Screw Type or Reciprocating Type

November 12, 2015

Latest company news about Screw Type or Reciprocating Type
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There is no simple answer to the constantly recurring question of whether it is best to use screw compressors or reciprocating compressors. Both types are viable alternatives in virtually all applications, and both types are normally capable of doing the job. 

• capacity required 

Larger screw compressors use less energy, whereas reciprocating compressors are most energy-efficient at capacities less than approx. 1200 kW. 

• operating conditions 

Screw compressors and reciprocating compressors differ greatly in efficiency when not operating at or near their design conditions. 
Screw compressors are significantly less energy-efficient under off-design conditions, especially if they have a fixed internal volume ratio. Screw compressors with variable volume ratio are therefore more efficient. 

• part-load requirements 

If a compressor is to run at part load much of the time, reciprocating compressors are significantly more efficient. 

• energy consumption 

In smaller plants operating at evaporating temperatures of 
-10°C or higher, single stage reciprocating compressors will have lower power consumption than screw compressors. In larger plants, the opposite is the case. 
In applications that operate at lower temperatures, a two-stage installation is the best choice. Power consumption for such a two-stage unit is about the same for both compressor types, depending on plant size.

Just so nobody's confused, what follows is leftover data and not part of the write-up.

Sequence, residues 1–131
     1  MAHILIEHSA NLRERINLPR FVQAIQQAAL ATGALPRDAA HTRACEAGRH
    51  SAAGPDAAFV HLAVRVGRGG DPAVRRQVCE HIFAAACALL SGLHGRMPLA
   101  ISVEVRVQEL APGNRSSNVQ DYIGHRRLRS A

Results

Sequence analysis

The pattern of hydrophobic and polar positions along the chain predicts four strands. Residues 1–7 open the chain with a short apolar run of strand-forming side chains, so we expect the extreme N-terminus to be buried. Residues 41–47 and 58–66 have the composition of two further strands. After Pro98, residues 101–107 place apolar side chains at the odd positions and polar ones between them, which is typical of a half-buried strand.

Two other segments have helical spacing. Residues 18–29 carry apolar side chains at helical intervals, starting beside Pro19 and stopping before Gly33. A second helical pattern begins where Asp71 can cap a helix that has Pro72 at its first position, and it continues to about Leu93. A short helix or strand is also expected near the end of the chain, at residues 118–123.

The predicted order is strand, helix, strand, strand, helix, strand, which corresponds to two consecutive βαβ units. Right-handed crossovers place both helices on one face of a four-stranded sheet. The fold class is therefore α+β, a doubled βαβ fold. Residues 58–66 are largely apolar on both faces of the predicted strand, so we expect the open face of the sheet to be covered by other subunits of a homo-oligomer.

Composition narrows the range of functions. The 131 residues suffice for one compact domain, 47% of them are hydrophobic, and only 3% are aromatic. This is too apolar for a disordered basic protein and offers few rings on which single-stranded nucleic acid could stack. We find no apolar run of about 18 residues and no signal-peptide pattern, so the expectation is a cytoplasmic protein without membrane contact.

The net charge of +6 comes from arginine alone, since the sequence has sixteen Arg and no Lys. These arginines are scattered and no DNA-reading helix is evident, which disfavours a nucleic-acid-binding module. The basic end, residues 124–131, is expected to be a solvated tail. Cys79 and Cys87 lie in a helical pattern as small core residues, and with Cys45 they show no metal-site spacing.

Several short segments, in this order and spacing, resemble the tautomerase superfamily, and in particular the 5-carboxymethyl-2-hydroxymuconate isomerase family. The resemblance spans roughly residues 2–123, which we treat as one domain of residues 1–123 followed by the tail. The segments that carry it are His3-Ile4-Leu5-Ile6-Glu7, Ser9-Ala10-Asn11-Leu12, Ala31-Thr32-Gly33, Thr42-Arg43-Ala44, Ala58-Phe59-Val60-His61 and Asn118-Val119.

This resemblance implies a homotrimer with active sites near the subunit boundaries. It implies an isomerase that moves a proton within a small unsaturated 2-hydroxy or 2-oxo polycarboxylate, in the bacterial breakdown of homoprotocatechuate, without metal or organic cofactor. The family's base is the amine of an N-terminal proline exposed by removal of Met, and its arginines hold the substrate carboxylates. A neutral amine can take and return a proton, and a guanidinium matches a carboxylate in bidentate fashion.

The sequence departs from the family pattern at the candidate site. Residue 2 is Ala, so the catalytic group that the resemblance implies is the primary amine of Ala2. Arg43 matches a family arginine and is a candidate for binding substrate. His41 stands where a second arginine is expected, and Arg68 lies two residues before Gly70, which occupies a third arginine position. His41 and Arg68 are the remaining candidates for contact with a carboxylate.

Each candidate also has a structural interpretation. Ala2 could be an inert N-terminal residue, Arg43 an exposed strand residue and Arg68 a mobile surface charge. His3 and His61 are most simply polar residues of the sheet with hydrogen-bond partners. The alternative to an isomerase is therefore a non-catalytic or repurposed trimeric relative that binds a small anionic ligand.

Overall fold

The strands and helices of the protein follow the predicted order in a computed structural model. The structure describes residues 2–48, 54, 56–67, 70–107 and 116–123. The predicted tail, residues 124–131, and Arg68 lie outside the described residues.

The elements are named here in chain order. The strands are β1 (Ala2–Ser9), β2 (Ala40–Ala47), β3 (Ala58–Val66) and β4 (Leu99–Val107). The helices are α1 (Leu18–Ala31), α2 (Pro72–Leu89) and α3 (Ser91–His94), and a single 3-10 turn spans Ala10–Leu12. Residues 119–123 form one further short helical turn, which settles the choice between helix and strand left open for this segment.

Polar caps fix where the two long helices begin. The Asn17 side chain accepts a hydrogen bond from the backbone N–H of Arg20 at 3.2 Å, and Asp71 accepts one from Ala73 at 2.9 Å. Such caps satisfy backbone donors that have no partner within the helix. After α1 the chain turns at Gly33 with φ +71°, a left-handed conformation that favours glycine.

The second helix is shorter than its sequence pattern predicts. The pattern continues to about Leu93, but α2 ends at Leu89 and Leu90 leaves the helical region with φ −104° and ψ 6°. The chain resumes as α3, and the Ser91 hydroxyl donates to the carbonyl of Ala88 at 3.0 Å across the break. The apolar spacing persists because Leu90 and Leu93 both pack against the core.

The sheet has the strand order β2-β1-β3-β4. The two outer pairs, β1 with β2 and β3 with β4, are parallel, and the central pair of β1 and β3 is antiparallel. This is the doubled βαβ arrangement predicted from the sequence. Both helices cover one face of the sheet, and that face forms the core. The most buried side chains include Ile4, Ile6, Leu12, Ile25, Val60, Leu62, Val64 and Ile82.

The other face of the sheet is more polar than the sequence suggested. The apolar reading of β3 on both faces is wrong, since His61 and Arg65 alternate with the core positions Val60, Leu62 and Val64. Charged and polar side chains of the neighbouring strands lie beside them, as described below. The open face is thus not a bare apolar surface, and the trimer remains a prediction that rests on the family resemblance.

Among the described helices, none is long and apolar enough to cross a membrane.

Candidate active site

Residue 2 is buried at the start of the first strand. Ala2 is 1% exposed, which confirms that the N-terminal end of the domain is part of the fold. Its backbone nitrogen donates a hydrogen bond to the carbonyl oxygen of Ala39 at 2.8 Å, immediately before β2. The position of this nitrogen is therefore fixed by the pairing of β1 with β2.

• temperature levels 

In air conditioning and other “high-temperature” applications, reciprocating compressors normally use 5–15% less energy than small screw compressors. 
Screw compressors working at lower temperatures, and in larger-size installations, use less energy than the corresponding reciprocating compressors. 

• refrigerant to be used 

The refrigerant usually only directly influences decisions about compressor type when high-pressure refrigerants such as R410A and R744 (CO2) are to be used. 
In such cases, reciprocating compressors have significantly lower energy consumption.

• ease of maintenance 

Reciprocating compressors have many moving parts compared to screw compressors, which means that more maintenance is needed. However, this maintenance work is relatively simple and can always be done on site. 
With screw compressors, on the other hand, replacements and main overhauls usually mean that the entire compressor has to be sent back to the factory. 

• financial resources 

In smaller plants where one or two reciprocating compressors can handle the requirements, these are normally the cheapest solution. 
The opposite is normally the case in larger plants. One or two screw compressors are normally cheaper than six to eight reciprocating compressors. 

• available space 

Screw compressors are much more compact than reciprocating compressors, especially at larger capacities. 
One single screw compressor with double the capacity can normally replace at least two ”recips”.
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